Journal article 607 views 171 downloads
Parental stress and coping in elite youth gymnastics: An interpretive phenomenological analysis / Naomi Burgess; Camilla Knight; Stephen Mellalieu
Qualitative Research in Sport, Exercise and Health
Swansea University Author: Camilla, Knight
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Parents are essential in youth sport because they provide the emotional, informational, and financial support that enables their children to enjoy and succeed in their sporting endeavours. When providing such support, however, parents can experience a range of stressors from organisational, competit...
|Published in:||Qualitative Research in Sport, Exercise and Health|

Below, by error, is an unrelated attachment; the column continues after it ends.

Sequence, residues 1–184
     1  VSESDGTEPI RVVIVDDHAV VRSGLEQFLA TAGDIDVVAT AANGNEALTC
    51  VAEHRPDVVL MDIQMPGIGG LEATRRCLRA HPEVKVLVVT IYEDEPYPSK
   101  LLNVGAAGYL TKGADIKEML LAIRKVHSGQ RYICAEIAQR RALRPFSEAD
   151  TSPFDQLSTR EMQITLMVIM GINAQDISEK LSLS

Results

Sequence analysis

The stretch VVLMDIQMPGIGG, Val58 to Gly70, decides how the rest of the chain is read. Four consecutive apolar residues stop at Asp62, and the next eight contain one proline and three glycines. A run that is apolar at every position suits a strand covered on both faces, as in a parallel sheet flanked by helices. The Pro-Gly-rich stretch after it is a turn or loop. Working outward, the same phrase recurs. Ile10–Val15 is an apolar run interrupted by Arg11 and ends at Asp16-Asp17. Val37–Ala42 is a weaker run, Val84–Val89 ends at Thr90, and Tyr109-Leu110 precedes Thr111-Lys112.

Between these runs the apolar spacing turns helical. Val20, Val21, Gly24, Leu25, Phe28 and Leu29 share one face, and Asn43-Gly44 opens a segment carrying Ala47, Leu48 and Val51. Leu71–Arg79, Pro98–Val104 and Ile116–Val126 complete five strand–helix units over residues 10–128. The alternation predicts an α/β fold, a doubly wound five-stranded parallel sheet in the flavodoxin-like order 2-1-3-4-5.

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Parents are essential in youth sport because they provide the emotional, informational, and financial support that enables their children to enjoy and succeed in their sporting endeavours. When providing such support, however, parents can experience a range of stressors from organisational, competitive, and developmental sources. This study sought to understand how parents of elite youth gymnasts cope within youth sport. Interpretive Phenomenological Analysis (IPA) was used to facilitate an in-depth exploration of parents’ experiences. Seven parents of national and international level gymnasts aged 11–14 years participated in semi-structured interviews and data were analysed according to the guidelines set out by IPA. The results suggest that parents face numerous organisational, competitive, and developmental stressors in youth gymnastics including time and travel demands, child’s competition nerves, schooling, finances, and injury. Parents employed four categories of coping to manage these stressors: (a) detaching from gymnastics (e.g. by sharing parental tasks, relying on their children to cope, and maintaining balanced lifestyles); (b) normalising experiences (e.g. by recalling and comparing experiences); (c) willingness to learn (e.g. from others and from their own past experiences); and (d) managing emotional reactions (e.g. through emotional release, self-talk, distraction, and avoidance strategies). The findings suggest that parents’ stress experiences are dynamic and complex, with parents utilising different coping strategies to manage different stressors in different situations.
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